Metastatic esophageal cancer is incurable with 5-year survival rates of under 5% using currently available therapeutic strategies. Palliative chemotherapy with cisplatin- and 5-fluorouracil (5FU)-based regimens remains the standard of care for patients with recurrent unresectable or metastatic esophageal cancer. Upfront cisplatin-based regimens are poorly tolerated in some patient groups and, for patients with recurrent disease after platinum-based therapies, there is a need for an alternate efficacious regimen without significant toxicities. The combination of docetaxel and irinotecan is an active regimen in this disease and has been investigated in several phase II trials. Weekly dosing of chemotherapy is preferred over a once every 3 weeks regimen on account of comparable efficacy and improved toxicity profile. Future directions include investigation of pharmacogenomic treatment assignment, particularly as irinotecan appears to be active in tumors with high ERCC1 expression, which tend to be resistant to cisplatin. Combinations with biologics such as bevacizumab and cetuximab, which have shown additive benefit with other cytotoxic combinations, are also of interest for future study.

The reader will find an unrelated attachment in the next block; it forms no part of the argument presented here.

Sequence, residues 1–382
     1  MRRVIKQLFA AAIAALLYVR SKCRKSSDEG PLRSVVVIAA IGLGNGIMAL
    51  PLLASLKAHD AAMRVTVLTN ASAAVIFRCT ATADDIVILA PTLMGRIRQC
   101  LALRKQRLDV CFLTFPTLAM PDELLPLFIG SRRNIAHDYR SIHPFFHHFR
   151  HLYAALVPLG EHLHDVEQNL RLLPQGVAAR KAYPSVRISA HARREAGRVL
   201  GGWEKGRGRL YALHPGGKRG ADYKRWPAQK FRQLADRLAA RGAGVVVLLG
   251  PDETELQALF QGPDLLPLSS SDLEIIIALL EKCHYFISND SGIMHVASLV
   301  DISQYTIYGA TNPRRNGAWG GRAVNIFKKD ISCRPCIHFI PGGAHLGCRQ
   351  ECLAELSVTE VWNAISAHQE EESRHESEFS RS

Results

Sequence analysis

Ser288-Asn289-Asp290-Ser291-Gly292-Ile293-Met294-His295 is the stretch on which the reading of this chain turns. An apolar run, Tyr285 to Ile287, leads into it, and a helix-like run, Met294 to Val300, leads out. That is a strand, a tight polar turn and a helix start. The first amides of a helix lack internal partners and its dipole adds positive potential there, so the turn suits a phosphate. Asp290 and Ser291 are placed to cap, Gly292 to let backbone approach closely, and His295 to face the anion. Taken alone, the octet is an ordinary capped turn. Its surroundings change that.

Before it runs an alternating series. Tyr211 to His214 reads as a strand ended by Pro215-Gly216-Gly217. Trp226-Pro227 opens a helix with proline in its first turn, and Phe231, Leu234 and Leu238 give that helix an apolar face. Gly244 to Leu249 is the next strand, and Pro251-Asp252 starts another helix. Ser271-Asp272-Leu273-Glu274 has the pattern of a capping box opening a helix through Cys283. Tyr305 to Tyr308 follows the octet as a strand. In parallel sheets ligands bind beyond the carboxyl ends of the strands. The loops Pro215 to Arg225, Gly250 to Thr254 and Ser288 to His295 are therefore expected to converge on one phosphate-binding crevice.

|Original language||English (US)|
|Journal||European journal of Clinical and Medical Oncology|
|State||Published - May 23 2011|
- Esophageal cancer
ASJC Scopus subject areas